Sunday 25 February 2018

Meddling eurocrats to ban supercharged hoovers as Brussels lays down new rules

The EU
The EU
Nick Webb

Nick Webb

Some of the most powerful hoovers and vacuum cleaners are set to be banned in less than a week's time, as a raft of brand new European regulations are introduced across the Continent.

While bonkers regulations on the ban of curved bananas are the stuff of legend, European legislators are beginning to overreach themselves again, with a number of nonsensical new rules.

Earlier this year it emerged that new guidelines were to be introduced to protect consumers from certain mosses that give iconic Chanel No 5 perfume its unique smell.

Now the meddling bureaucrats of Brussels have turned their ire against... vacuum cleaners.

On September 1, companies doing business in Europe will be prohibited from distributing, importing or manufacturing hoovers powered by motors above 1600 watts.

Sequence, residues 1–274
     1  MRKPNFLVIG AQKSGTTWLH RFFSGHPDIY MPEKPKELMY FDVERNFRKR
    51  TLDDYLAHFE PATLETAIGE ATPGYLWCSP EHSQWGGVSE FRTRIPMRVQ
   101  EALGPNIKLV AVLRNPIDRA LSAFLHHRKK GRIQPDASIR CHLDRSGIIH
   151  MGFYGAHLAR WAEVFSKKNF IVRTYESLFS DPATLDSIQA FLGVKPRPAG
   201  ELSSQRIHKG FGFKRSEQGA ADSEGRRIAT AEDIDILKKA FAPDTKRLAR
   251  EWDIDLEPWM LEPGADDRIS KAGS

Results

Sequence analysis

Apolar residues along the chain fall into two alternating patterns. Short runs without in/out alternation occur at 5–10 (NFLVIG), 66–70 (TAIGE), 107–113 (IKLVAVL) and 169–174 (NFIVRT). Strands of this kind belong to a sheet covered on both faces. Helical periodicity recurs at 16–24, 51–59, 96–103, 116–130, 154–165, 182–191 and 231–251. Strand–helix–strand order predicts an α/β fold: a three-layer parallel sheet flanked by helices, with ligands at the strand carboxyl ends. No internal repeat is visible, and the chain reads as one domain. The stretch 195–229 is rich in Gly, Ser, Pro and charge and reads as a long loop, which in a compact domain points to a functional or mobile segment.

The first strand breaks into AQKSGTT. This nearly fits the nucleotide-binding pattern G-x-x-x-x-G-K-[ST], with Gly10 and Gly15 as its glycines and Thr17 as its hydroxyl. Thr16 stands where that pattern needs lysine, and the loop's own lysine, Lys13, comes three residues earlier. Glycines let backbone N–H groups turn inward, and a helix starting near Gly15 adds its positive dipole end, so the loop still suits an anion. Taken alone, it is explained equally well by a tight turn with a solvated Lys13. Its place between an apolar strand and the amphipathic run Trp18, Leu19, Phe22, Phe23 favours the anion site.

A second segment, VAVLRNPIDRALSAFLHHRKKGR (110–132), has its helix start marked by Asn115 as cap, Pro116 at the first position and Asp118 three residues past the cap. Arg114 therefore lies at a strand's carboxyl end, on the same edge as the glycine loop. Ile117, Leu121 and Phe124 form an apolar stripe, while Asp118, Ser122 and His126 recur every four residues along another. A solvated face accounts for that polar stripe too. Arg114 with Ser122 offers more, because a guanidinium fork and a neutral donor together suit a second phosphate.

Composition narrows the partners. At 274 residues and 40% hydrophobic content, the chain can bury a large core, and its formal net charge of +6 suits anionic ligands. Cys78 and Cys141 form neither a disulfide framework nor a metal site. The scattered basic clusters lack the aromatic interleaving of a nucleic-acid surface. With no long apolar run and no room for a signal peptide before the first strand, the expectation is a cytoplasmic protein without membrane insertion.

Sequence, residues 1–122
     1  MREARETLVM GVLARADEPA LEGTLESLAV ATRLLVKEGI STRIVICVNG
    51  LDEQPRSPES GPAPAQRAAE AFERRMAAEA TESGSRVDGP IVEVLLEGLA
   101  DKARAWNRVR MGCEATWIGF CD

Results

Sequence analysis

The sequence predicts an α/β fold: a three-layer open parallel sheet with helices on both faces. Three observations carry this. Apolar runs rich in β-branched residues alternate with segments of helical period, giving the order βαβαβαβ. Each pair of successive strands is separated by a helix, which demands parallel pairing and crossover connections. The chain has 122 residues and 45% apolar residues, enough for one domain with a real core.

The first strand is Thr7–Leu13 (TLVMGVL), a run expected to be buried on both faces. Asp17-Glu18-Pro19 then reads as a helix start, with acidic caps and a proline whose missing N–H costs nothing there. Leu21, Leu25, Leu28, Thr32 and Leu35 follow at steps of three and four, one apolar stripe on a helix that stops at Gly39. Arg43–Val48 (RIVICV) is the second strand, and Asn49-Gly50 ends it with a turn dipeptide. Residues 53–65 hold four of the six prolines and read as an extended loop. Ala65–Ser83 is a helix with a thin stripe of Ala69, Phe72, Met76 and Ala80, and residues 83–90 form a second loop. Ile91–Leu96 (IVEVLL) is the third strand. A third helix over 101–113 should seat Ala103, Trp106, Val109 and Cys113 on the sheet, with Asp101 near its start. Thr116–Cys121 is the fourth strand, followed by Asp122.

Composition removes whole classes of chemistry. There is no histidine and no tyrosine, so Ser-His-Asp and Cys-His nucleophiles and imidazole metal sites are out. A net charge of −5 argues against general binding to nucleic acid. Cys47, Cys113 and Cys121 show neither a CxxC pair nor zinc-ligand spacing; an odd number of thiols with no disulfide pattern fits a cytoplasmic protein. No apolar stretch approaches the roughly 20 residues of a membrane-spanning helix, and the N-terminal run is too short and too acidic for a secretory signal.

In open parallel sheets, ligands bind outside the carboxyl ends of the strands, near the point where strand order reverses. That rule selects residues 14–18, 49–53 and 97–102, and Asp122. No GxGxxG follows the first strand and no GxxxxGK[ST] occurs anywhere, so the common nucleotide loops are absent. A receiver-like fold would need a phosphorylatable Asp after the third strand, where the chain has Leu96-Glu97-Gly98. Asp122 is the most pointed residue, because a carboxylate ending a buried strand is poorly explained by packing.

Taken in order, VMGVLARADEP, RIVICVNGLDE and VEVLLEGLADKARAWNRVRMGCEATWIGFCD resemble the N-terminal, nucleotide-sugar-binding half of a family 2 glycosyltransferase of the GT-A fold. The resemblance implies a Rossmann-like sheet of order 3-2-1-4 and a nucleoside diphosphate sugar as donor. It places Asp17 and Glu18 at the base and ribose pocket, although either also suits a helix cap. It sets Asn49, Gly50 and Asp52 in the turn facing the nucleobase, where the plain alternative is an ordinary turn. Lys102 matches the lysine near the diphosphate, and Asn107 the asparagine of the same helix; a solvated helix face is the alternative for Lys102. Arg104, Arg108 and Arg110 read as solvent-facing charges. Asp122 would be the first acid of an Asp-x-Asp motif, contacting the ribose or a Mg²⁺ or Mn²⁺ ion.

The European Commission says that the new regulations, which are aimed at cutting energy use and combatting global warming, will mean that European consumers "get better vacuum cleaners than ever before".

However some of the vacuums which are set to be blacklisted have been chosen by consumer bible Which? as the best hoovers available on the market.

The average power of a hoover or vacuum cleaner across Europe was 1,800 watts last year. Under the new rules, this will have to be cut to a limit of 900 watts by September 2017. The incoming EU regulations will require machines to be sold with a new system of labels which will show their cleaning performance.

"Vacuum cleaners will use less energy for the same performance - how much dust they pick up. This will help consumers to save money and make Europe use less energy," said European spokeswoman Marlene Holzer last year.

"As a result of the new EU eco-design and labelling regulations, consumers will also get better vacuum cleaners."

Europe's outright ban on supercharged hoovers continues the trend towards more energy efficient products.

Brussels bureaucrats rubberstamped rules to ban traditional light bulbs, with consumers forced to buy more expensive bulbs, which took longer to light up.

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